Today, a tidbit quartet. Let’s begin with Harry Reid.
On the Senate floor yesterday, Reid put “Deflategate” in perspective: “The National Football League punished one of its most recognizable players (for) having tampered with game balls. I find it stunning that the National Football League is more concerned about how much air is in a football than with a racist franchise name that denigrates Native Americans across the country. The Redskins name is a racist name. So I wish the commissioner would act as swiftly and decisively in changing the name of the D.C. team as he did about not enough air in a football.”
Bravo, Harry! “Deflategate” is the least of the NFL’s craven sins – paling in comparison to the bread-and-circus violence that puts one in three gladiators on the path to brain damage. And whether some jock had enough air in a ball is certainly less weighty than the Washington franchise’s 80-year racist slur.
The U.S. Patent Office has canceled federal trademark protection, ruling last year that Redskins is “disparaging of Native Americans,” and that’s an understatement. Dictionaries since 1967 have described the word as offensive. Geoffrey Nunberg, a linguist at the University of California, has concluded, after deep research, that “the word is inevitably associated with contempt, derision, condescension, or sentimental paeans to the noble savage.”
Tom Wheeler, the former head of the Federal Communications Commission, says the team nickname is “offensive and derogatory.” The director of the Smithsonian’s museum on Native American history says the word is “the equivalent of the N-word.” Conservative columnist Charles Krauthammer has written, “I woudn’t want to use a word that defines a people – living or dead, offended or not – is a most demeaning way.”
Here’s the easiest test: If you met someone who had Native American roots, would you address that person as a “redskin?” Not a chance. Linburg, the linguist, points out: “If it’s a slur when you say it to an American Indian’s face, it’s a slur when you sing it with 80,000 other fans.”
Naturally, the Washington team’s lawyers are contesting the federal trademark ruling, and team owner Dan Snyder says he’ll never change the name. After all, Snyder is hewing to the tradition of team founder George Preston Marshall, who coined the name and personally wrote the team’s fight song lyrics: “Scalp ‘um, swamp ‘um, we will take ‘um a big score.”
But hey, we all know that Harry Reid vented in vain. Brain damage, domestic violence, and Redskins racism are NFL mainstays, and nothing stops a juggernaut. Even fans with enlightened sensibilities seem powerless to curb their addiction. So rest assured that if and when the Washington team starts winning again, the masses will say: How ’bout dem Redskins!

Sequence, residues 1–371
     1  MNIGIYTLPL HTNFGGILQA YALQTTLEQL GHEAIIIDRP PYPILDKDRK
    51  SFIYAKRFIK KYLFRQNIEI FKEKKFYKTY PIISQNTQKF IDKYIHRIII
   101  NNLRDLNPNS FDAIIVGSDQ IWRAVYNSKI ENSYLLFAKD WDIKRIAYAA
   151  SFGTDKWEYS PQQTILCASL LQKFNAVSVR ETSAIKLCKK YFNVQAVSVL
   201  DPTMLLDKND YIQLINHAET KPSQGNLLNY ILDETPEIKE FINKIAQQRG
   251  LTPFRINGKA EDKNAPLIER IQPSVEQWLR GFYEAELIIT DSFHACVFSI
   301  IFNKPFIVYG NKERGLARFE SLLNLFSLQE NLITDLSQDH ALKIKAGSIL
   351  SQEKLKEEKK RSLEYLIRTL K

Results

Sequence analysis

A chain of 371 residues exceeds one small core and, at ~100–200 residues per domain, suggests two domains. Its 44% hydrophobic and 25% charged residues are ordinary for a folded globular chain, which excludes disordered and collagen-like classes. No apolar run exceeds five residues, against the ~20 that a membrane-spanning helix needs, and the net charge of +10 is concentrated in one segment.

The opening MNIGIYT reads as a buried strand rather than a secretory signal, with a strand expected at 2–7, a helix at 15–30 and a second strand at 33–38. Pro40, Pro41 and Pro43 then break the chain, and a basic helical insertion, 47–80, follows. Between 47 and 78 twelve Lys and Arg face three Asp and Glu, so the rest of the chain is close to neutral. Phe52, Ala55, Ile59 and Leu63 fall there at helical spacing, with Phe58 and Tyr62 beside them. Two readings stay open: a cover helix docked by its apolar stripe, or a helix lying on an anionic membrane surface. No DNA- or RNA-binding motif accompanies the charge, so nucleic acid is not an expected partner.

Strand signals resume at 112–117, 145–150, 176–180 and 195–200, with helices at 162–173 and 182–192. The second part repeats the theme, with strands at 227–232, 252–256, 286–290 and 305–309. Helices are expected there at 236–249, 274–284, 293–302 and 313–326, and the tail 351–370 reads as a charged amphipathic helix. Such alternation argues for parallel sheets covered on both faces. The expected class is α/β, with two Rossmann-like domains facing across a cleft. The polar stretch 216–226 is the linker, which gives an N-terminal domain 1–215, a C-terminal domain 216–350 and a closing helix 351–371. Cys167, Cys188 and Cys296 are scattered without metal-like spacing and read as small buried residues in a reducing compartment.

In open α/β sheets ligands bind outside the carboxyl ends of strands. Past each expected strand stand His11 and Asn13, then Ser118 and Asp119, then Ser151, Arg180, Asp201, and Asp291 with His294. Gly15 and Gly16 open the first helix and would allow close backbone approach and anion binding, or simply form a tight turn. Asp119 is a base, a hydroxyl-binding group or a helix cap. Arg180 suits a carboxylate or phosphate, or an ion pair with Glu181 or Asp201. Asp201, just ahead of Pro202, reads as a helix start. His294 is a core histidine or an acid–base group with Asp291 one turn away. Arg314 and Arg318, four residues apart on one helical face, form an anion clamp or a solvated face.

Two days ago, I suggested here that the GOP brass might soon need to decide who gets to participate in the presidential primary debates. For instance, with as many as 17 or 18 possible contestants, do you allow all the loons on stage, where they’ll take valuable air time from the relatively sane?
And sure enough, here’s a new story: “As the national committee gathers in Arizona this week for its spring meeting, it will discuss how to determine the candidates who will make the cut for the first sanctioned debate, which is set for Aug. 6 in Cleveland and will air on Fox News. But there is already a robust discussion behind the scenes, with candidates who are lagging in early polls nudging the party to take an inclusive approach in the initial forums.
“It is not entirely clear who will be in charge of devising or enforcing the debate criteria – that is, if there are criteria. One member of the national committee panel charged with overseeing the debates said its members had discussed ceding the decision entirely to Fox News.”
Just as we would expect the party to do.
What a surprise: Jeb Bush is trying to mop up his verbal slop about the Iraq war. Now he’s insisting that he had misheard or misunderstood or misprocessed Megyn Kelly’s question about whether he would’ve invaded Iraq knowing what we know today about the dearth of WMDs.
In the Fox interview that aired Monday night, he told Kelly that, yes, he still would’ve invaded – prompting derision even from conservative commentators like Laura Ingraham, who addressed Jeb on her radio show: “You can’t still think that going into Iraq, now, as a sane human being, was the right thing to do. If you do, there has to be something wrong with you.”
Anyway, Jeb tried to walk it all back yesterday, by calling Sean Hannity (natch) to say, “I interpreted the question wrong, I guess.”
And this guy is reputed to be the smart Bush bro.
The intramural Democratic strife over President Obama’s Pacific trade deal – Obama is fighting with labor-allied liberals – prompts me to wonder where Hillary Clinton stands on this issue. Does she think this deal is a good or bad idea? Will it help our economy or ship more jobs overseas? Does she stand with the president she served, or the liberal base?
The press would surely ask her – if not for the fact that she has refused to talk to the press for the last three weeks. There’s no excuse for that. Period.